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Christmas sojourn

A silent night bears witness to our coming journey


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When I sat down to write a Christmas column, I scribbled some blather about the shepherds in the fields outside Bethlehem. Then, I thought, Oy vey. Everyone writes about the shepherds in the fields this time of year.

Writers and theologians, of which I am least or not at all, have reflected on those first-century herdsmen for two millennia. What could I add with my teaspoonful of blather? And so, after pressing delete, delete, delete, I turned to my favorite commentator, the Welsh Presbyterian minister Matthew Henry, to see what he had to say.

“Angels were heralds of the new-born Saviour,” Henry wrote from Chester, England, as he worked on his Commentary on the Whole Bible in the early 18th century, “but they were only sent to some poor, humble, pious, industrious shepherds, who were in the business of their calling, keeping watch over their flock. We are not out of the way of Divine visits, when we are employed in an honest calling, and abide with God in it.”

Our meetings at WORLD begin with prayer and, almost always, whoever is praying remembers to thank God for giving us this calling, this work to do. Over the past year, we have witnessed many visits of the type Henry mentions. Not—to paraphrase Paul—that we have already obtained some type of holiness or piety or perfection. But as we try to rightly handle the Word of Truth and apply it to the unfolding narrative of the segment of history in which God has placed us, we press forward toward God’s upward call. And God this year has blessed us with many Divine appointments, with miraculous provision, and with the precious oil of ­fellowship, believers living and working in unity.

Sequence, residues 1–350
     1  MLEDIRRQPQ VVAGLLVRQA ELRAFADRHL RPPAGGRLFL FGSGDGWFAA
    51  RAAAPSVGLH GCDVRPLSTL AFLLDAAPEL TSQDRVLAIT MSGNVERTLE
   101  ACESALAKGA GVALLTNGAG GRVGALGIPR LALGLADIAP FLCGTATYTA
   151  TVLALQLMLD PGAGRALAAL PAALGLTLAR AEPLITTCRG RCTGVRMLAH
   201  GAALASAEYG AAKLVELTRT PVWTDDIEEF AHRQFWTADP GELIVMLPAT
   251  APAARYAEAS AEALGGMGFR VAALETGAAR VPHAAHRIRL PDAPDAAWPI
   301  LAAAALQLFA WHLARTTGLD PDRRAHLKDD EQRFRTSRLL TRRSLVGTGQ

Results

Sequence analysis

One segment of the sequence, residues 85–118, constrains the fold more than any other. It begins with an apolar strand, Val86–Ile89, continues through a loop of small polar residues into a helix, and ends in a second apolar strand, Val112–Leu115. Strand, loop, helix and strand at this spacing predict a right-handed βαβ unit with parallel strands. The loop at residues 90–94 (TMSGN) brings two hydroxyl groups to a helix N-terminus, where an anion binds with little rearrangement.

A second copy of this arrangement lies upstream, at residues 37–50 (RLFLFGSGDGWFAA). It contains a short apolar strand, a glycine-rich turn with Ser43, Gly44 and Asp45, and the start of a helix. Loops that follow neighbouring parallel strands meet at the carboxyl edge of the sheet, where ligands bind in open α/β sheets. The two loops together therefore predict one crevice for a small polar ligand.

I want to personally thank each of you for supporting our calling. We are humbled to do the work of watching and listening, of telling of God’s great works, of His power, love, mercy, sovereignty, and providence weaving itself into the fabric of time. God chose the medium of storytelling to communicate with mankind throughout the ages.

It is a fearsome thing to traffic in the medium of the Creator, but how blessed we are to have been called to try!

Reverend Henry had more to say about the shepherds’ blessed night: “The fulness of time was now come, when God would send forth his Son. … The circumstances of his birth were very mean. Christ was born at an inn; he came into the world to sojourn here for a while, as at an inn, and to teach us to do likewise.”

For me, Christmas makes the concept of sojourn real. Heaven broke through the Veil that night, with witnesses who ever after testified that this is not all there is. The stunning reality of the heavenly host reminds me to reflect on my earthly walk. Am I doing all I can to serve Christ? Am I giving as I should, serving as I should, worshipping as I should, loving as I should? Am I serious about numbering my days that I might present to God a heart of wisdom?

Alas, it is said that wisdom is born of fiery trials, in which case, 2022 should make me very wise indeed. Our bodies and souls labor under the weight of Eve’s price, but our Potter has made us thus: that it is easier to remember to weep with those who weep when we are weeping ourselves.

And so, in a season of joy, it is good to remember those enduring a season of pain. A time when, like Mary at the manger, we might ask, “What on earth is God doing?”

And yet, are not those times precisely when we most feel the Veil’s actual thinness? When, in the depths of prayer, it seems a heavenly host might appear to us, too?

For now, Christmas reminds me that we only sojourn here. And that like the shepherds, soon and very soon we are going to see the King.


Lynn Vincent

Lynn is executive editor of WORLD Magazine and producer/host of the true crime podcast Lawless. She is the New York Times best-selling author or co-author of a dozen nonfiction books, including Same Kind of Different As Me and Indianapolis. Lynn lives in the mountains east of San Diego, Calif.

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